AUBURN, Va., Jan. 14 (UPI) -- Steve Spurrier was officially named head coach of the Washington Redskins Monday.
Less than 24 hours after cutting ties with Marty Schottenheimer, the Washington Redskins hired the flamboyant Spurrier, as expected.
Although contract terms were not announced, it was reported Spurrier becomes the NFL's highest paid coach with a five-year, $25 million deal.
Daniel Snyder, the Redskins' impetuous owner, long has been smitten with Spurrier and his flashy offensive expertise at the University of Florida. Snyder tried to lure Spurrier away from the Gators last season before giving Schottenheimer a four-year, $10 million contract and total control of personnel decisions.
Snyder and Pepper Rodgers, edskins vice president of operations, attended Florida's Orange Bowl win on Jan. 2. Two days later, Spurrier stepped down as coach.
Rodgers was an assistant coach at Florida when Spurrier played there in the mid-1960s and the two have remained close friends.
Spurrier will be the latest highly successful college coach to try to bring his winning ways to the NFL.The most notable example in recent years was Barry Switzer, the former Oklahoma coach who took over a talented Dallas Cowboys team in 1994 and won a Super Bowl in his second season.
Florida won the national championship in 1996, six Southeastern Conference titles and as many as 10 games nine times in Spurrier's 12 years at the school. He compiled a record of 122-27-1, ranking as the best win total in history for a major college coach in his first 12 years at a school, eclipsing Tom Osborne's total of 118 for Nebraska from 1973-84.
Before Spurrier arrived, the Gators had never won an SEC title or 10 games in a season.
The Gators were 10-2 this past season, but lost a chance to play for the national championship when they fell to Tennessee in their regular-season finale on Dec. 1. Florida capped its
season with a 56-23 trouncing of Maryland in the Orange Bowl on Wednesday. As Spurrier trotted off the field after the game, he gave an affectionate wave to the fans in what turned out to be his farewell.
Spurrier coached at Duke for three years and compiled a 20-13-1 record before taking over at Florida. He previously coached the Tampa Bay Bandits in the defunct United States Football League, leading them to two playoff appearances in three years and a 35-19 record.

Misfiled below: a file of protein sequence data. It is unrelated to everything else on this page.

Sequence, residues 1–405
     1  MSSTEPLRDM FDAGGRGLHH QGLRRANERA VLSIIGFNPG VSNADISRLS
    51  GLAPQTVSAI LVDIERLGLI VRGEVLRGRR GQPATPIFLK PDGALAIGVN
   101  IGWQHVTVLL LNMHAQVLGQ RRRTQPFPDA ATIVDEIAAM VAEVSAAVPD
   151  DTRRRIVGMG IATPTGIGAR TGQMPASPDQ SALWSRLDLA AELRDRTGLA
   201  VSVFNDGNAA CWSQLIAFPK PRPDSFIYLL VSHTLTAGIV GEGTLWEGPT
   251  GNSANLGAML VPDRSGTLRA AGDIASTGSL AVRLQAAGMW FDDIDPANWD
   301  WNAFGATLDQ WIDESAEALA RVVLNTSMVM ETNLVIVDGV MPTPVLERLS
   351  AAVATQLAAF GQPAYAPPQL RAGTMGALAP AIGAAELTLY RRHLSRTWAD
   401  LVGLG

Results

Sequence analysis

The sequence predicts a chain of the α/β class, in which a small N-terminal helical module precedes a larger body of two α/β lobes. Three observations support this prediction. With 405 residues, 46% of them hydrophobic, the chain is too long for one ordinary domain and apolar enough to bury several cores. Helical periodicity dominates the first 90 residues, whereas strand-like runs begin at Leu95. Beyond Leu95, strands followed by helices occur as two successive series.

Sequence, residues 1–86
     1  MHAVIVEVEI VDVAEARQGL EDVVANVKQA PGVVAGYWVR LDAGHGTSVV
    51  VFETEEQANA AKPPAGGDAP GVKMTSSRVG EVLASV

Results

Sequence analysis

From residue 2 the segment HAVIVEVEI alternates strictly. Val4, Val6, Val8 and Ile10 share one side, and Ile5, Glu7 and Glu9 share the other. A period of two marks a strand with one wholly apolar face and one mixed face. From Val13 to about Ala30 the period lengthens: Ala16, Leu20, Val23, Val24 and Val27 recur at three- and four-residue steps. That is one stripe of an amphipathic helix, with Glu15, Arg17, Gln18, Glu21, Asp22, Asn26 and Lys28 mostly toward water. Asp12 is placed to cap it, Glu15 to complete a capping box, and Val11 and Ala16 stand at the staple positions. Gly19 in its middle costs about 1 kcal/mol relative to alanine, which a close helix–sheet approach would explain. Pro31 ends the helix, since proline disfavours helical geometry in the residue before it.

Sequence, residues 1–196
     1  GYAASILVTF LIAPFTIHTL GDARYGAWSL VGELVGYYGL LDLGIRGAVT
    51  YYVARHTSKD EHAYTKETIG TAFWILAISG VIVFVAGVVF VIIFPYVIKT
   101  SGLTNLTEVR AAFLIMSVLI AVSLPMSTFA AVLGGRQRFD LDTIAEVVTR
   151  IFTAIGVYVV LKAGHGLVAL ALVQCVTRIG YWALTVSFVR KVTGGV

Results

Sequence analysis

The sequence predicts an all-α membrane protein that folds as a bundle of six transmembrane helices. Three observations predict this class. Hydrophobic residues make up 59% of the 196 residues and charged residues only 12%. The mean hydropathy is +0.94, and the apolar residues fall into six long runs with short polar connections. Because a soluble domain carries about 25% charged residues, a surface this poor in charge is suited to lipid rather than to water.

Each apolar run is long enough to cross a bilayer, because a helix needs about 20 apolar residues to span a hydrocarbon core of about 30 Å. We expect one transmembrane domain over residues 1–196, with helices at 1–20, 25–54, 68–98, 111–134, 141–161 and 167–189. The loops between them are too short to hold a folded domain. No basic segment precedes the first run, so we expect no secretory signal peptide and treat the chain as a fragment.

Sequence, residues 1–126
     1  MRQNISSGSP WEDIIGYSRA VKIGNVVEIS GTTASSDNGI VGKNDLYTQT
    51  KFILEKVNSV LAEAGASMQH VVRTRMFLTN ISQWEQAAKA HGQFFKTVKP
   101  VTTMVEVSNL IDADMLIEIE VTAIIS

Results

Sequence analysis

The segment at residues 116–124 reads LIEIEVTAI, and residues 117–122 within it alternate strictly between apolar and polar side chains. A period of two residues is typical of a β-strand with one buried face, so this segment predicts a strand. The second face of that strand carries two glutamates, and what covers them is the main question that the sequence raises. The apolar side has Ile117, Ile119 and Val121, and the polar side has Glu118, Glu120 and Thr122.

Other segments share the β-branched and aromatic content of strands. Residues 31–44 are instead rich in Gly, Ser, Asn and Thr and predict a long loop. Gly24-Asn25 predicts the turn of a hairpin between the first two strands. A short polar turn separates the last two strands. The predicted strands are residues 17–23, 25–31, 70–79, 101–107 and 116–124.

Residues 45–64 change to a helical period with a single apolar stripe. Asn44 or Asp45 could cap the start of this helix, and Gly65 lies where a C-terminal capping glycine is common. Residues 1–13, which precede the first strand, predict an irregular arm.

During a farewell news conference last week, Spurrier said he had no intention of handling personnel matters, which will fit into Snyder's plan. The Redskins plan "to hire an experienced
professional to oversee" all non-coaching player personnel matters," according to a team release issued Sunday night.
Citing a disagreement on "philosophical management issues," the Redskins fired Schottenheimer on Sunday night.
According to a statement issued by the Redskins late Sunday night, Schottenheimer was dismissed because he did not want to relinquish his final say over personnel matters following an 8-8
Schottenheimer addressed the media on Monday morning and confirmed Snyder's decision to strip him of total control over personnel matters was the reason for the dismissal.
"The issue we could not resolve was the process of selecting
players to make up the Washington Redskins roster,"
Schottenheimer said. "The opportunity to determine the
composition of the Washington Redskins was the single most
element of my taking the job here last January."
Snyder's decision to give Schottenheimer total control over
personnel last year was a curious one and one the owner came to
regret. The two met several times over the past week and Snyder
tried to convince Schottenheimer of the need to hire a general
manager before firing him.
"Our decision was a difficult one and was based on philosophical
management issues, not on coaching ability," Snyder said.
"It was my belief that my way would have been the most successful, but Daniel Snyder owns the Washington Redskins," Schottenheimer said. "He made the commitment to the organization and he is entitled to make any decision he chooses."
The change is an expensive one for Snyder since Schottenheimer will pocket $7.5 million over the next three years.
The Carolina Panthers, who fired George Seifert last week after a 1-15 season, also had expressed interest in Spurrier.
The Redskins lost their first five games under Schottenheimer this past season and many veterans referred to his practice sessions as a boot camp. But after defensive end Bruce Smith met with Schottenheimer to voice the players' displeasure, the coach modified his approach and Washington reeled off five consecutive wins to move into playoff contention.
However, the Redskins lost three of their next four games before closing the season with two wins.
Schottenheimer had been out of football for two years before taking the Redskins job. While working last season as a television commentator, he expressed doubt he could work for a meddling owner like Snyder, claiming their management styles
"were not compatible," he said. But that was before he was offered a $10 million contract by Snyder.
The imaptient Snyder has his fourth coach in less than three years, with Spurrier joining Norv Turner, Terry Robiskie and Schottenheimer.
Schottenheimer ranks 11th all-time with 153 wins but never has been to a Super Bowl and is 5-11 in the postseason. He was 101-58-1 as coach of the Kansas City Chiefs from 1989-98 and 44-27 as coach of the Cleveland Browns from 1984-88.